AJR  Books
From AJR,   April 1994

The Most-Quoted Sportswriter of All Time   

Sportswriter: The Life and
Times of Grantland Rice

By Charles Fountain
Oxford University Press

Book review by Carl Sessions Stepp

Carl Sessions Stepp (cstepp@umd.edu) began writing for his hometown paper, the Marlboro Herald-Advocate in Bennettsville, South Carolina, in 1963, after his freshman year in high school. He studied journalism at the University of South Carolina, where he edited The Gamecock.

After college, he worked for the St. Petersburg Times and the Charlotte Observer before becoming the first national editor at USA Today in 1982. In 1983, he joined the University of Maryland journalism faculty full time.

In the ensuing 30 years, he also has served as senior editor and book reviewer for AJR, writing dozens of pieces. He has been a visiting writing and editing coach for news organizations in more than 30 states.


Sportswriter: The Life and
Times of Grantland Rice
By Charles Fountain
Oxford University Press
328 pages; $25

Grantland Rice wasn't the first bad sportswriter, but he was the greatest. To countless descendants (myself included) who graduated into journalism through sports, Rice was an icon, and his extravagant style the model for our own, inevitably worse, rhapsodic prose.

As Charles Fountain points out, much of Rice's work was "saccharin rhyme and hero worship."

Yet Fountain, a writer and college professor, also calls Rice "the Matthew, Mark, Luke and John of American sport," the man who "fashioned our perceptions of what sportswriting should be — and our perceptions of what sports should be as well."

Indeed, Rice stands as an authentic legend, a scribbler who transcended the banalities of the genre to become a luminary of luminaries. His pals included Ring Lardner, Damon Runyon and Toots Shor. A football bowl was named for him. "This Is Your Life" featured him. And Red Smith once called him "the greatest man I have known."

The top-quoted sportswriter of all time, Rice wrote what may be the two most famous sports passages ever: his lead on the 1924 Notre Dame-Army game ("Outlined against a blue-gray October sky, the four Horsemen rode again...") and his couplet forever enshrining the sports code ("..when the one Great Scorer comes to write against your name/He marks — not that you won or lost — but how you played the Game").

What explains his legend?

Perhaps, as Fountain writes, it had something to do with Rice's work habits and omnipresence on the sports scene for more than half a century. By Fountain's figures, Rice published more than 67 million words — an average of 10 to 15 typed pages a day for 53 years — in newspapers, a daily syndicated column, national magazines, and books of verse and prose. He did the first-ever World Series radio broadcast in 1922, hosted a weekly radio show, and owned a sports film company that won an Oscar.

In careful but dry detail, Fountain traces Rice's life and career beginning with his birth in 1880 to prosperous parents in Tennessee. Rice played his way through Vanderbilt (where as a 130-pound football end he managed to break an arm, a collar bone, a shoulder blade and four ribs), then joined the Nashville News for $5 a week. He worked in Atlanta and Cleveland before settling in New York as the country's best-paid, best-known sportswriter, earning as much per year as Babe Ruth.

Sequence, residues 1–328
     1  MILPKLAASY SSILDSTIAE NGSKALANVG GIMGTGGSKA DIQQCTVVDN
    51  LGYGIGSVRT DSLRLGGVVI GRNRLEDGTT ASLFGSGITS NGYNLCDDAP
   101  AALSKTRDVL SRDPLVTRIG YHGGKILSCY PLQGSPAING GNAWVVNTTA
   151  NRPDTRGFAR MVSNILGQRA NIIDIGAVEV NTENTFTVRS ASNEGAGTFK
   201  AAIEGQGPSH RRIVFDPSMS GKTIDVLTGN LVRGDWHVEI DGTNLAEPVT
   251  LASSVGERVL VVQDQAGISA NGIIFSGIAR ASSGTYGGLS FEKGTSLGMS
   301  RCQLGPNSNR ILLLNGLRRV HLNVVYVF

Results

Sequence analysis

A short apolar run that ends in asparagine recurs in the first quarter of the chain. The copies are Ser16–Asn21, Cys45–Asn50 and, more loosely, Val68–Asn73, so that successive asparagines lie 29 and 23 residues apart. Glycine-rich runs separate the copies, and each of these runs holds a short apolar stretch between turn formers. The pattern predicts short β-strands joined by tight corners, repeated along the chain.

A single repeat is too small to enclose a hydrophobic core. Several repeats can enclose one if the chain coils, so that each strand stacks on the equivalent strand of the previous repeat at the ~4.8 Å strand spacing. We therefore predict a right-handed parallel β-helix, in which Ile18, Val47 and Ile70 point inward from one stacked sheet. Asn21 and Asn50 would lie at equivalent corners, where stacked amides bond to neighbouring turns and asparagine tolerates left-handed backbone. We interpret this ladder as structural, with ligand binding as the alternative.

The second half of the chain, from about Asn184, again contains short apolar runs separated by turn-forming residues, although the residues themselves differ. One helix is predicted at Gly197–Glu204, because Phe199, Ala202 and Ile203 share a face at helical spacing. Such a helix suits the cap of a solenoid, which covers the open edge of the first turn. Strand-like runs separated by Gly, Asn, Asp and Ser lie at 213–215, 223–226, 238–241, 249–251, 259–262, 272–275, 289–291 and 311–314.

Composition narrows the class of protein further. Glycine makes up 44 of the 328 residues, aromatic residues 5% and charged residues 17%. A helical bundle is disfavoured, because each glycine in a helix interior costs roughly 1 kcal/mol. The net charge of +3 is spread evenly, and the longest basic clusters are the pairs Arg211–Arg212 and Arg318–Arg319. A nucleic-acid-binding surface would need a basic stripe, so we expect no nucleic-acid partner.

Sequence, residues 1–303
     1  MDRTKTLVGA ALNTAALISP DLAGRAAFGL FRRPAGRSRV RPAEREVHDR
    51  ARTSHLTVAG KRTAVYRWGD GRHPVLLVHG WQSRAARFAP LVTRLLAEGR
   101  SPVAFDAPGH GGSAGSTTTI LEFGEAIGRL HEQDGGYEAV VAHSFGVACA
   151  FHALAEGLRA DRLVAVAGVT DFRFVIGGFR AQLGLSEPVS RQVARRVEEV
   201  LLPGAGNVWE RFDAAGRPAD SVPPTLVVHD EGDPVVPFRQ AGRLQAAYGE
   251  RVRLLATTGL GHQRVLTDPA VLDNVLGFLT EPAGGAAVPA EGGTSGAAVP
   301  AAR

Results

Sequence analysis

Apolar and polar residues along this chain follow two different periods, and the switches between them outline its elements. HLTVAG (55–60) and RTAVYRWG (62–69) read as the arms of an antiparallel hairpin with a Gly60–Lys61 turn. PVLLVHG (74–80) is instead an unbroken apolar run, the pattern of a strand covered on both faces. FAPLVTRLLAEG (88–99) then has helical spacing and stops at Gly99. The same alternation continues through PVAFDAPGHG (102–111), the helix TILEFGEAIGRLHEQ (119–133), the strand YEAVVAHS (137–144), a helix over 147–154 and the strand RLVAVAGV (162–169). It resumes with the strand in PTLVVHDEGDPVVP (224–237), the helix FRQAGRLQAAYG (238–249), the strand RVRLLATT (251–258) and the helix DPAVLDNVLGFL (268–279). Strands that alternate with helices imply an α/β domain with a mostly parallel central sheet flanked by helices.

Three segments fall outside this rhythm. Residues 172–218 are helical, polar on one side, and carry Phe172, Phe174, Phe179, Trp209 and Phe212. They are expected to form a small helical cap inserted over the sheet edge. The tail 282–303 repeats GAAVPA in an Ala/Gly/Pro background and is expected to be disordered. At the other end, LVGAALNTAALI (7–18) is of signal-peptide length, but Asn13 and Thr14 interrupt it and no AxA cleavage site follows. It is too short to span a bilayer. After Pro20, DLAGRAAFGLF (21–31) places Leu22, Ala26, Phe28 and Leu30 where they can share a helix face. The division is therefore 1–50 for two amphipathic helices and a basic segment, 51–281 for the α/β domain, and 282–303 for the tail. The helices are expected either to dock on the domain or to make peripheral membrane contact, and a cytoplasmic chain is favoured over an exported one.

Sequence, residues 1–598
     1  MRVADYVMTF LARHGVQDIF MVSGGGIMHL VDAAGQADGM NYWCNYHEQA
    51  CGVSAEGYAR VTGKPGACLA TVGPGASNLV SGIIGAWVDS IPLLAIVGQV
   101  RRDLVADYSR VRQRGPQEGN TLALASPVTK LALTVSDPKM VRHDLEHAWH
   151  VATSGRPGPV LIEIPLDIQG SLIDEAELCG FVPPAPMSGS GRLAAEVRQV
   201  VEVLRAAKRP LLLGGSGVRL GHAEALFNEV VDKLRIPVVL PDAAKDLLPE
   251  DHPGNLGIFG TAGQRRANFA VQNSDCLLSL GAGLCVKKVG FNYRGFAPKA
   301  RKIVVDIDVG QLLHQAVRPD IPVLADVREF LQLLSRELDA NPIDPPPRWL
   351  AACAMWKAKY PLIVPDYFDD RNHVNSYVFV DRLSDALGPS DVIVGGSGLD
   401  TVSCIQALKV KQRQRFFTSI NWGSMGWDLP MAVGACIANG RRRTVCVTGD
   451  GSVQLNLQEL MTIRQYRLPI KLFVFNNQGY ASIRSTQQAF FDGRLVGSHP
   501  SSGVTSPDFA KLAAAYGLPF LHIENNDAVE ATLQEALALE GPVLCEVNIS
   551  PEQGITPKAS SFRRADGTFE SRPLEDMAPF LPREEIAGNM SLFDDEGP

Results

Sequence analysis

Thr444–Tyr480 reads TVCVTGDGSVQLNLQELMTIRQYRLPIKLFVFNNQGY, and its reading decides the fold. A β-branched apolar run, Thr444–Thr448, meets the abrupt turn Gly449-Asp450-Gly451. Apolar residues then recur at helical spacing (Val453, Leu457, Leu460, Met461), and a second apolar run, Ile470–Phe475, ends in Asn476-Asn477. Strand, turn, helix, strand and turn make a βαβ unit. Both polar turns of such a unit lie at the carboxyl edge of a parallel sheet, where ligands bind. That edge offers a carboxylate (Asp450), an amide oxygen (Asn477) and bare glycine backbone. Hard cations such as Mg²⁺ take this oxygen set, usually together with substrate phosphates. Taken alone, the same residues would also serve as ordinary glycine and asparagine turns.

Recognized for his kindness, he collected comrades, knew the stars of the day, from Ty Cobb to Babe Didrikson, and produced a steady flow of upbeat columns and poetry.

Unfortunately, Fountain quotes less of it than he might. But the cornball style comes through, as in this about Ruth: "I've seen a few I thought I could hit. /Who fed the crowd on four-base rations/But you, Babe, are the Only It — /The rest are merely imitations."

Fountain admires Rice, but is unsparing when necessary, noting in particular how Rice's work could reflect the racial insensitivity of the times.

The book also raises but doesn't successfully answer the question: Was Rice too upbeat? Fountain doesn't take a position or offer much evidence on the point. He does contrast Rice's "compassionate optimism" with the more cynical approaches of Lardner, Runyon and others. But we're left wondering whether Rice was simply a good-hearted enthusiast or a negligent reporter looking away from the untidy.

Fountain criticizes Rice's style more than his approach, concluding that the sentimentalized work would today "doom him to deserved obscurity at some weekly newspaper buried deep in the bowels of the Heartland."

But I wonder if it should.

Rice's writing might not have been clinically executed, but it had heart and soul. What set him apart seems to have been his true love of the game, his devotion to fair play, his sense of wonder, and his thrill at the chance to write about it all.

Two anecdotes, neither about sports, illustrate Rice's romantic idealism. Assigned to Stars and Stripes during World War I, he insisted instead on being posted to the front and served as an artillery lieutenant. Each Armistice Day for the rest of his career, he devoted his column to fallen colleagues.

After the war, he returned home to learn that a lawyer to whom he had entrusted his life savings had lost them in bad investments and committed suicide.

Rice, with the money left in his pocket, bought flowers for the lawyer's funeral.